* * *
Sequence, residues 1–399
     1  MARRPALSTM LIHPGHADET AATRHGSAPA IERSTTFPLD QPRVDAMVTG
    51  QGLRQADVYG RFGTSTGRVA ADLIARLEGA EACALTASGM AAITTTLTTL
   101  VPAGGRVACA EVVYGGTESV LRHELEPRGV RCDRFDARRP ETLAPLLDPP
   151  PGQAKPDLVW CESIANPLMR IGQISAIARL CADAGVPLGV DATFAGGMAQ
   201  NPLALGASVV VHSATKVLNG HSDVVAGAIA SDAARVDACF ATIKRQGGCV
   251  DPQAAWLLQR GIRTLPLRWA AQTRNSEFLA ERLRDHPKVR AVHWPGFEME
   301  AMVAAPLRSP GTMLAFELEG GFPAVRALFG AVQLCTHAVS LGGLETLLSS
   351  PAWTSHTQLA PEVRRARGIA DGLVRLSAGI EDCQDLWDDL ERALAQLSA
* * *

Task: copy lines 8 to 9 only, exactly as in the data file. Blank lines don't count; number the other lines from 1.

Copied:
   301  AMVAAPLRSP GTMLAFELEG GFPAVRALFG AVQLCTHAVS LGGLETLLSS
   351  PAWTSHTQLA PEVRRARGIA DGLVRLSAGI EDCQDLWDDL ERALAQLSA